Summary: With an exponentially growing number of articles being published every year, scientists can use some help in determining which journal is most appropriate for publishing their results, and which other scientists can be called upon to review their work.
Jane (Journal/Author Name Estimator) is a freely available web-based application that, on the basis of a sample text (e.g. the title and abstract of a manuscript), can suggest journals and experts who have published similar articles.
PubMed (Wheeler et al., 2007) is growing exponentially. In 1996, 520 148 articles were published versus 793 919 in 2006. Interestingly, the number of different journals in which these articles were published did not show a similar growth: 5006 in 1996 versus 5100 in 2006. There is a steady turnover: according to the PubMed Journals database, 1707 journals were started between 1996 and 2006. The number of authors publishing one or more papers every year does increase rapidly: 543 974 in 1996 versus 867 919 in 2006.
For all these authors, finding the appropriate journal to publish their work becomes increasingly difficult: many journals deal with a wide diversity of topics, and many articles are multi-disciplinary, leading for instance to computer scientists publishing in biomedical journals. At the same time, finding reviewers among the growing number of peers also becomes more of a problem. We developed Jane (Journal/Author Name Estimator) to help with both tasks.
2 USING JANE
2.1 Finding journals and authors
The user starts by entering a piece of text as query (Fig. 1). Typically, this will be the title and abstract of the article for which the user wants to find a suitable journal or reviewer. The application will return an ordered list of results, with a confidence score for each item. Furthermore, it is possible to show the articles on which the score of a specific journal or author was based, as well as other similar articles. This can help a user to evaluate whether the journal is really the suitable medium for publishing his or her findings, or whether the selected author is really knowledgeable about the topic of the article used as input.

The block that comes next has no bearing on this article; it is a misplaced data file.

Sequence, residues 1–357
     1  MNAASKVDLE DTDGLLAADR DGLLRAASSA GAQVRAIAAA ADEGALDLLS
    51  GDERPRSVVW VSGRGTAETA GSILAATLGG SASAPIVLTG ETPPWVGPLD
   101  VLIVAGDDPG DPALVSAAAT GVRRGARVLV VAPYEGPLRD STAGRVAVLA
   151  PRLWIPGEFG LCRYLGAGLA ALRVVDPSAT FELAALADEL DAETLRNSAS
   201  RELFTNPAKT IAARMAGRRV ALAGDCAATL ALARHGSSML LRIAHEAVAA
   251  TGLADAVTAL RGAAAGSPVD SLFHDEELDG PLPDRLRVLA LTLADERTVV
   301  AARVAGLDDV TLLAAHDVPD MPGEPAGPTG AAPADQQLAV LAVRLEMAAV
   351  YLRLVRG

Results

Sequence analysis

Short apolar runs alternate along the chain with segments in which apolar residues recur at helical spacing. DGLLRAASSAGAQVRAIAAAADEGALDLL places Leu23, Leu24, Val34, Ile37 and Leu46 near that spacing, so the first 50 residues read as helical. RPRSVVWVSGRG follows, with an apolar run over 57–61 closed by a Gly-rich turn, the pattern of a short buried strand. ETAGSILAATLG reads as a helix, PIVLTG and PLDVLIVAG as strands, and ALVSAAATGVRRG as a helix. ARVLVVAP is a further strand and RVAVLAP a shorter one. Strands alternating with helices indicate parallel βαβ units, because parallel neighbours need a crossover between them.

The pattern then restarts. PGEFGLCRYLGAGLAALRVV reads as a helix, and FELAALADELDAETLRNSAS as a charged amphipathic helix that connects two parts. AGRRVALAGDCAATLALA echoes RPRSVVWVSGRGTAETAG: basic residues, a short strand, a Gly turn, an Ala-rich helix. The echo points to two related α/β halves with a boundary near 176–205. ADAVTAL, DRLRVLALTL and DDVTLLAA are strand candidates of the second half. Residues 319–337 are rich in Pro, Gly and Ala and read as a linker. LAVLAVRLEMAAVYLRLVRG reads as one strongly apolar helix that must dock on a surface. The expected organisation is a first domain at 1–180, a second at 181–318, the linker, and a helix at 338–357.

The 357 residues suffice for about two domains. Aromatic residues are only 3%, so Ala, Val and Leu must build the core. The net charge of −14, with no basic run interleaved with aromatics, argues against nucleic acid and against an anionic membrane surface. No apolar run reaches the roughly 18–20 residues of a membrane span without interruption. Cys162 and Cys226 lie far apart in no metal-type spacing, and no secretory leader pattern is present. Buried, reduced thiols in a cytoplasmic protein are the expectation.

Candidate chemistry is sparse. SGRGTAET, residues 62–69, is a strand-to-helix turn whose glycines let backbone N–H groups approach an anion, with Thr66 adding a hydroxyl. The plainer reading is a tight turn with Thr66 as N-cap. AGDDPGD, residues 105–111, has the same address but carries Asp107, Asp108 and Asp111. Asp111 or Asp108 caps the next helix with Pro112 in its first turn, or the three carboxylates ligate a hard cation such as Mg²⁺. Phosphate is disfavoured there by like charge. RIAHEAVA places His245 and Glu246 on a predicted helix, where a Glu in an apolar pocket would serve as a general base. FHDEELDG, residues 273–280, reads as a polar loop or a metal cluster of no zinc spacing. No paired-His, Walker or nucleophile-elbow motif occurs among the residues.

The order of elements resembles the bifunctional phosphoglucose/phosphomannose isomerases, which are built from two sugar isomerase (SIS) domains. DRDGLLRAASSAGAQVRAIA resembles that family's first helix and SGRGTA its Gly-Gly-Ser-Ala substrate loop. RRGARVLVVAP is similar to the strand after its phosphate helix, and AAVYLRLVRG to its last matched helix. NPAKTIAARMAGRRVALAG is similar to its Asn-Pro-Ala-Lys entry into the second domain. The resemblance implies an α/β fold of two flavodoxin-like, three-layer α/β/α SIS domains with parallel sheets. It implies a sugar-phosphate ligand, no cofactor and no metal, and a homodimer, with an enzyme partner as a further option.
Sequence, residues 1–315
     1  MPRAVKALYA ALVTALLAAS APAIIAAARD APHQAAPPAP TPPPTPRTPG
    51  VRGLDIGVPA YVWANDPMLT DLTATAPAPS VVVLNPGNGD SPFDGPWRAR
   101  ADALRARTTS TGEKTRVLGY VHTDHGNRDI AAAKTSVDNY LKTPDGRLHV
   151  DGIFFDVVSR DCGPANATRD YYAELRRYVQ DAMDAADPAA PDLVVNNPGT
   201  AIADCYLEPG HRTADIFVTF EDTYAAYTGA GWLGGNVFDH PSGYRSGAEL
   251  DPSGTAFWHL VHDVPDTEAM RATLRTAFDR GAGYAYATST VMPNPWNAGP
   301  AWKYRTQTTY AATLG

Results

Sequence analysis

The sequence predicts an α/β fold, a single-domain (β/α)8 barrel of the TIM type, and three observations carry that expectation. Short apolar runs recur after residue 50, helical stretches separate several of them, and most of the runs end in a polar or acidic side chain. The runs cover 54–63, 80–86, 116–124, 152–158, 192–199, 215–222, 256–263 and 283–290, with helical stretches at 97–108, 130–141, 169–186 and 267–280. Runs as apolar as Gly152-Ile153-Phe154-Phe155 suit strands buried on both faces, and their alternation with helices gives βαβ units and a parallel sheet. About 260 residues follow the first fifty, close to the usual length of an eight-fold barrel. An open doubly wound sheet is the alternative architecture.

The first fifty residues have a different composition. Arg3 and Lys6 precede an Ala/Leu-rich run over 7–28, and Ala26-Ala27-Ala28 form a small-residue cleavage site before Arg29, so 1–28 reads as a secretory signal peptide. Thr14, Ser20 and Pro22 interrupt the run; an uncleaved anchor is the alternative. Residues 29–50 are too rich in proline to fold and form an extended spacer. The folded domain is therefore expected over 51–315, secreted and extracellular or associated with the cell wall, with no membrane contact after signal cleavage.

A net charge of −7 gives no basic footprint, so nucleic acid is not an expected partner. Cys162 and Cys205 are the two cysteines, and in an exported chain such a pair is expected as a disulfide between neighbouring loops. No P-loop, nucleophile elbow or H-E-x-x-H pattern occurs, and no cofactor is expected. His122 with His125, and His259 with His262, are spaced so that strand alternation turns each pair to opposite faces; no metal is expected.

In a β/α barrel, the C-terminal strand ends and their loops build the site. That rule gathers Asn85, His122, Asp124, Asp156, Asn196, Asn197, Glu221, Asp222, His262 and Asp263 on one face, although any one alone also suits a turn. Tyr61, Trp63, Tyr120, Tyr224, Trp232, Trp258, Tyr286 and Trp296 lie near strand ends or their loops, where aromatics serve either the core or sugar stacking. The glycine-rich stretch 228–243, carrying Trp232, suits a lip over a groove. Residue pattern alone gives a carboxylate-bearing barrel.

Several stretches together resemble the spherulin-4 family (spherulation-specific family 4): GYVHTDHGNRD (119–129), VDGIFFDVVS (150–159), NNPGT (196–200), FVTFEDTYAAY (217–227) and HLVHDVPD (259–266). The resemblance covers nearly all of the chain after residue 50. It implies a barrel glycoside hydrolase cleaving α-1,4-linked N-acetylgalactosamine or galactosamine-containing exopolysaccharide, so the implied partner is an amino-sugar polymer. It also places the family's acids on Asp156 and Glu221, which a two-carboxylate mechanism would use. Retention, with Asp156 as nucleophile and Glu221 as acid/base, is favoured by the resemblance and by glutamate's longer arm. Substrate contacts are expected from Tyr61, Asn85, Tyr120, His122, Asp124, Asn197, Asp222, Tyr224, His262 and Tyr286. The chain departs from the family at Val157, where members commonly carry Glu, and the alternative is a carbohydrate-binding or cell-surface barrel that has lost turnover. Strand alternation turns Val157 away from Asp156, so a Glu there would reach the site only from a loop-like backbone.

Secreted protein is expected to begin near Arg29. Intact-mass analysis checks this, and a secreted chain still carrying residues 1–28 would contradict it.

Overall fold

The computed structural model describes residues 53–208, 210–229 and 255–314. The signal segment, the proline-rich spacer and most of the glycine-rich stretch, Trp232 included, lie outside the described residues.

2.2 Extra features
Users can refine their search by selecting specific languages and types of publications. The search algorithm will then compare the input text only to those articles that meet these specifications. For instance, by selecting ‘Japanese’ and the publication type ‘review’, the system will return those journals containing the most similar Japanese review articles.
Some authors may be hesitant to send an abstract of their latest research to an unknown server. Therefore, we have included an option to scramble the input before submission. Scrambling simply entails putting the words in the text in alphabetic order, which makes it next to impossible to reconstruct the original text, but has no effect on the search.
The open source search engine Lucene (Gospodnetic and Hatcher, 2005) is used to find articles that are similar to the input query. Texts are tokenized using the standard Lucene tokenizer, and are subsequently compared using the Lucene MoreLikeThis algorithm, a very efficient implementation of the traditional TF*IDF vector space model.
After retrieving the ordered list of most similar records, a weighted k-nearest neighbor approach is used to determine the journal or author list. For each item (i.e. a journal or author), we add the Lucene similarity scores for the articles belonging to this item in the k top-ranking records. To produce confidence scores, these sums are then normalized so that the scores add up to 100%. Results are ordered by confidence score. A leave-one-out evaluation showed that the best performance was achieved using k = 50.